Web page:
Off The Road Since 1985: 1971 TVR 2500

Reader Peter R. sent in this cool TVR 2500 find. It’s not as bad as it looks, as the seller has stashed the extremely expensive rear window and the windshield somewhere else for safe keeping. The car is listed for sale here on eBay and is located in Houston, Texas. I was surprised to see the car listed at no reserve, and bidding is just over $1,000 at this point. That’s right, only three zeros.

Although the car is only showing 17,642 miles I’m pretty sure it’s either 117k or the cable was broken for a long time. This fiberglass damage will obviously have to be fixed, but fiberglass can be fixed at home if you are willing to take some time about doing it. I doubt that whatever did this caused any real structural damage to the car. And if you are wondering, those are either MG Midget or Triumph Spitfire sidelights, and even though they have slightly different contours, I suspect either would replace this damaged one.

The 2500 was only produced for a short time with the Vixen type body work before being updated to the 2500M model with a reshaped nose and tail. Both, however, are very small designs. The tubular frame mounts mostly Triumph TR6 components although the rear suspension is TVR’s own design and has better geometry than the TR6. The frames are prone to rust but the seller tells us they see no holes in the frame.

You can see the Triumph TR6 engine here. Most Triumph-engined TVR’s do not have the wonderful Laycock overdrive fitted, but they do use the 3.45:1 rear end from european TR6s versus the 3.9:1 used in North American specification cars. The seller has neither tried to start the engine, and the car doesn’t have a title, so bear those two negatives in mind when you think about this car. You can readily obtain a running TR6 engine for $500 or less, so that probably won’t be a huge issue, but the title might slow you down a little.

The interior is toast. Really toast. However, since the cars’ interiors were similar to kit cars in construction, it’s not unrealistic to think you can put something together. Just remember how skinny those seats are–I know, I ended up not buying one that I wanted because it was so difficult for me to fit into (my problem, not the car’s)! So do you think this seat would be a good fit for you?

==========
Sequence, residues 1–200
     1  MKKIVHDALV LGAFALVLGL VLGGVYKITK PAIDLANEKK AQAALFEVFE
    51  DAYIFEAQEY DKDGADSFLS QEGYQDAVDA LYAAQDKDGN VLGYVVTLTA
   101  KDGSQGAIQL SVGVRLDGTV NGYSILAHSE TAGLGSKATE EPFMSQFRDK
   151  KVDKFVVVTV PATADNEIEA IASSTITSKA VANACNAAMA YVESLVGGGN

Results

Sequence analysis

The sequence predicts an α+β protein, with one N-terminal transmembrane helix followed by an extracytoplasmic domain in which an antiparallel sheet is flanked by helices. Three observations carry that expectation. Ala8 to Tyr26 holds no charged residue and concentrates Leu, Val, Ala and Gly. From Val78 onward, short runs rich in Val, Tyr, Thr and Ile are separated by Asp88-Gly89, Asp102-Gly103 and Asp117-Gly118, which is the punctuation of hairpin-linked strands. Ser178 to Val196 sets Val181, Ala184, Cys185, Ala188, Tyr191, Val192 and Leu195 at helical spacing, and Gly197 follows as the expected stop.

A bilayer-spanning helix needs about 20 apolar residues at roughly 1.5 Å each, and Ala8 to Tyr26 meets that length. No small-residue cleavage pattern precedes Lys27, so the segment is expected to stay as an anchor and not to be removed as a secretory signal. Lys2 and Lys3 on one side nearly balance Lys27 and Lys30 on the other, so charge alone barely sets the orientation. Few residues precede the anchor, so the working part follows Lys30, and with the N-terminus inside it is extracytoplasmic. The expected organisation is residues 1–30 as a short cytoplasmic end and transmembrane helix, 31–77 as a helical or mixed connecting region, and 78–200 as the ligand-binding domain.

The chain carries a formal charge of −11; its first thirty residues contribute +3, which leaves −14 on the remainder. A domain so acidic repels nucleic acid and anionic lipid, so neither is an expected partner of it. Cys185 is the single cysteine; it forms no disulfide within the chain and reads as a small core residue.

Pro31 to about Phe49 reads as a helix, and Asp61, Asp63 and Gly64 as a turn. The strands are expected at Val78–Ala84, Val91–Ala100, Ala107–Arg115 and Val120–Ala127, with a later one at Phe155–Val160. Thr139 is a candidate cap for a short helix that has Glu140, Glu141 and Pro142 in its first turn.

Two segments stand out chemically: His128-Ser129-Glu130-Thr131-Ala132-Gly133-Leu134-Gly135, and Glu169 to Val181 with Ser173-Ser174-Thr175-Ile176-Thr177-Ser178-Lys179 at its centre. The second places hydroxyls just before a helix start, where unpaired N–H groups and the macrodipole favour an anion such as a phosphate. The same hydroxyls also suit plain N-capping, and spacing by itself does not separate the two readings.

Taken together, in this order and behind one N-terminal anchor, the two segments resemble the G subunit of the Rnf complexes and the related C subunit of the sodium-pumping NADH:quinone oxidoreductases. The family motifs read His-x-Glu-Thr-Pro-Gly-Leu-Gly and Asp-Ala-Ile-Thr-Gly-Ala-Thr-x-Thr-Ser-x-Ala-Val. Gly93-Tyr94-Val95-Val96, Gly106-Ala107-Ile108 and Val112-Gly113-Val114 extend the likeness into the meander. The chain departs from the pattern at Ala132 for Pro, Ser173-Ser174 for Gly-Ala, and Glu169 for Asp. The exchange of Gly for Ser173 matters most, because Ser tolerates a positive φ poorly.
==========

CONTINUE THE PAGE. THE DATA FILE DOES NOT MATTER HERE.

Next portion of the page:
Fast Finds


  1. sir mike

    The broken tail lamps are MK2 Cortina.

  2. Wayne Thomas

    I think a newer LFX V6 out of a modern Camaro wouldn’t be too big and make the right amount of power.

  3. ClassicCarFan

    @Wayne Thomas. Yeah, it might be the simplest route if you had a good donor drivetrain handy… you could argue that an engine swap isn’t too out of the spirit of the thing, as TVR used a wide variety of donor engines over the years.

    Personally, I’d want to keep it original spec and overhaul the Triumph six. OK, I’m biased as I have old Triumphs and like them, but that like old straight six is a decent motor and they sound fantastic with the right mufflers. They are simple to work on, very conventional design, all cast-iron and push rods. The parts are easy to find and not generally too expensive. If you are not stuck with complying to smog specs, it’s fairly easy to build one of these engines up to get a reliable 150+ bhp (the non-federal cars with the Lucas PI were 150 bhp gross originally). I appreciate that’s not muscle car type numbers, but in a car this small and light it’d be exciting enough.

  4. Bill

    I can’t imagine glass will be very easy to get for this car.

    • Jamie Palmer Jamie Staff

      The listing says the glass is included :-)

  5. rustylink

    Be a great donor car if you had one already. Beyond that it’s a lot of work to bring this one back to life. Having sat in one and being 6’3″ – I would need to have my ankles removed to drive it.

    • bog

      rustylink – same here, along with big feet. Tried to “shoehorn” myself into the Griffith 289 V8 when they first came out (same basic car), and were presented at the Chicago Auto Show. Laughable. Everyone gathered around to watch me squeeze in. I was a LOT more flexible then. Actually fit into my friends Lotus Europa more easily…that had plenty of leg/head room once inside.

  6. Jubjub

    Cool. Pretty ratty, but pretty rare and special. A doable and worthwhile labor of love for somebody. I’d be seen in this with fiberglass repairs and some primer patches! And don’t forget, TVR is to be back with a 2018 model.

  7. John D

    My bucket prefers a wide bucket

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